When Joann Bautista listened to the stories of undocumented women in a Texas detention center, she couldn’t help but think of her mom.

Decades ago, her mother fled her native Mexico for the United States. She gained U.S. citizenship after President Reagan signed an immigration reform bill in 1986 that offered amnesty to undocumented immigrants.

Bautista, a third-year student at the University of Maine School of Law in Portland, spent her winter break near the southern border interviewing women detainees who could be eligible for asylum cases and pro bono legal representation.

“Now that I’ve seen firsthand what it’s like for some of these women who come to the United States, the immense trauma that they go through, that will forever shape the way I interact with future clients or immigrants,” said Bautista, who is a citizen because she was born in the United States. “It has made me reflect on my own family’s history. My family is just so lucky to be where we are now.”

University of Maine law student Joann Bautista said the time she spent volunteering at an immigration detention center on the Texas border was “definitely an intense experience.” Staff photo by Ben McCanna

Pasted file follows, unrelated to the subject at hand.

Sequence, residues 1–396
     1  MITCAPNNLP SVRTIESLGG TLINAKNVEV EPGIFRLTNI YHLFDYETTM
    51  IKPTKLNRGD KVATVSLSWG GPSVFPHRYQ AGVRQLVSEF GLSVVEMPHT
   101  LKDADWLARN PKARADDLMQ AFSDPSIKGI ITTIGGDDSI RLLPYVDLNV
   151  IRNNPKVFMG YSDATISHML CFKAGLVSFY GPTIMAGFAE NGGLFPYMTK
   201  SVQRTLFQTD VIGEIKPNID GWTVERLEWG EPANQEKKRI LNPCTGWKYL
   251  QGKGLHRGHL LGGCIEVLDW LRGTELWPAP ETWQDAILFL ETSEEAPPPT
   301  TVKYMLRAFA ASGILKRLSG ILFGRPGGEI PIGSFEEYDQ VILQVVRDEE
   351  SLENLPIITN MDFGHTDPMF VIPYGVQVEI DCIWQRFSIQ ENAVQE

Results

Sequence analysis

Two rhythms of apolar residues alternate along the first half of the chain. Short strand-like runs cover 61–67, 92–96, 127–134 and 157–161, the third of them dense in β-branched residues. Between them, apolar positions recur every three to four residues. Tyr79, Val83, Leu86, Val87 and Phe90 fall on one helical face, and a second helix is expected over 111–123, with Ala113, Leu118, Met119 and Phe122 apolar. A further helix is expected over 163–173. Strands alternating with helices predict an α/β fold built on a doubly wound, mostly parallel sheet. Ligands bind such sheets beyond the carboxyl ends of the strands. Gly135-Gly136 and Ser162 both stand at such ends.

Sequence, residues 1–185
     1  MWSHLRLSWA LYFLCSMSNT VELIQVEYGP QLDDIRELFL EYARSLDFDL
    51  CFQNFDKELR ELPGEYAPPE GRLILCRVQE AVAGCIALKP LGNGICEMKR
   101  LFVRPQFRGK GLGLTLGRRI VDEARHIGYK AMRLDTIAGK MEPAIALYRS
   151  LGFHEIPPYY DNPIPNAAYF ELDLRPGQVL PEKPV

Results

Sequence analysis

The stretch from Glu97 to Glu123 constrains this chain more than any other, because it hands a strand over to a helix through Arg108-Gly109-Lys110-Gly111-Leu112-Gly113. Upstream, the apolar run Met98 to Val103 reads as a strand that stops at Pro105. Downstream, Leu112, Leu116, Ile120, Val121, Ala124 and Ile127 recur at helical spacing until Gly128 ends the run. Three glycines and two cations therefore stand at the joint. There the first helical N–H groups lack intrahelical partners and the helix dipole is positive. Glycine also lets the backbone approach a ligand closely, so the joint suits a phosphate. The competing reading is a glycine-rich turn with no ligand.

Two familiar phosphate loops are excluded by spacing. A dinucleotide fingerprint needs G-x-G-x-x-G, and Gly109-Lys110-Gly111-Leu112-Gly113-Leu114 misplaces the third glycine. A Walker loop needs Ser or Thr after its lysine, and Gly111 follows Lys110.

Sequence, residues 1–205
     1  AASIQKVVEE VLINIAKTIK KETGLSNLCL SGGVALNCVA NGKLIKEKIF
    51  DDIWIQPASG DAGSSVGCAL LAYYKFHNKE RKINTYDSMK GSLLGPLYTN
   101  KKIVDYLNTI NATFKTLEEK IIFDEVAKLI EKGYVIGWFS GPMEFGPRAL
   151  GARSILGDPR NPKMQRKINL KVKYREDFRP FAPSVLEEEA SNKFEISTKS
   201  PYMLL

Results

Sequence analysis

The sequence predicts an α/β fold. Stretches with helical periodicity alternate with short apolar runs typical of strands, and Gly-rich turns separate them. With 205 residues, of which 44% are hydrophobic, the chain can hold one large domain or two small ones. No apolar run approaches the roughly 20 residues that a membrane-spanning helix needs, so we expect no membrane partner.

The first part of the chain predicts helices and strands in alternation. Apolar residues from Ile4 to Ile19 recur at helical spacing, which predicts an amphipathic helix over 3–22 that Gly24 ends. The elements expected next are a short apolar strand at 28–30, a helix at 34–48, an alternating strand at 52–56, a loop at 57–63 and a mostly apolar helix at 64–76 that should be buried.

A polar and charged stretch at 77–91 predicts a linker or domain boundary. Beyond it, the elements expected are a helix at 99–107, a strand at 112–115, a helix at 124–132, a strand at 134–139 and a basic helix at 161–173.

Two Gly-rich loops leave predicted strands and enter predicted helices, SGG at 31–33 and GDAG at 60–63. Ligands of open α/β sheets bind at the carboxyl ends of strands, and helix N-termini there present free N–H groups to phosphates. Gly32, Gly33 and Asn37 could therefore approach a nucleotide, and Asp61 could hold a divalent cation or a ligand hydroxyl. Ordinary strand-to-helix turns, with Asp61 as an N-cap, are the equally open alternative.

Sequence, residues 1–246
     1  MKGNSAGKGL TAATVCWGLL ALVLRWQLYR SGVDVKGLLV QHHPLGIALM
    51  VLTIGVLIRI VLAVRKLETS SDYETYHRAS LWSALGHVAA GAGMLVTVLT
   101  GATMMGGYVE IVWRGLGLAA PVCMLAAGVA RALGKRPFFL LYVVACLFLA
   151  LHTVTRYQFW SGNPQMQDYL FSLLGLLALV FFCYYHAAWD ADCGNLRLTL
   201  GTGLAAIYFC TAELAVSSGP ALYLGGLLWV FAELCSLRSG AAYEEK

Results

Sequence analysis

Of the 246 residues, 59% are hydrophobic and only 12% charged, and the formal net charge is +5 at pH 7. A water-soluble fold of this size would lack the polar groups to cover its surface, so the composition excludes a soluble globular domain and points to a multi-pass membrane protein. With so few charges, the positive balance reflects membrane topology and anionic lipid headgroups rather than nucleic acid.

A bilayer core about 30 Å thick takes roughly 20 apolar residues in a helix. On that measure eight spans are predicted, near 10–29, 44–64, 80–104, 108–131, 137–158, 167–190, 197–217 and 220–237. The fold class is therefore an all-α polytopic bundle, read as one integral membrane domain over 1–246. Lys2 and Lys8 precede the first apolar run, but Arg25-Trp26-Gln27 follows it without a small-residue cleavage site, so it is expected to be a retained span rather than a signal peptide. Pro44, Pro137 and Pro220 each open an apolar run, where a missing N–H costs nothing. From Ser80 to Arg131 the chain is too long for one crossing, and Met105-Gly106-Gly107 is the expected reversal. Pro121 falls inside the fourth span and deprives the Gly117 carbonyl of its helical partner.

University of Maine School of Law students are working directly on the ground during a seismic shift in federal immigration policy.

For years, they have been advising asylum seekers and other immigrants in the school’s Refugee and Human Rights Clinic. More recently, the school has offered students like Bautista the chance to travel to the southern border to work with women held in federal detention centers. The students serve as volunteers with the Laredo Project, a collaboration between the international law firm Jones Day and Texas RioGrande Legal Aid.

And, in both Maine and Texas, the students are hearing emotional stories of trauma and perseverance that are guiding their careers.

“Our philosophy is really to put the student in the position of being the lawyer,” said Deirdre Smith, director of the Cumberland Legal Aid Clinic, which includes all of the law school’s clinical programs. “We think the best way to learn how to practice law is by practicing law.”


Founded in 2012, the Refugee and Human Rights Clinic enrolls six to eight students each semester. Under faculty supervision, they work directly with clients who are seeking legal status in the U.S. Each student handles two to five cases per semester. They earn six hours of academic credit for their work.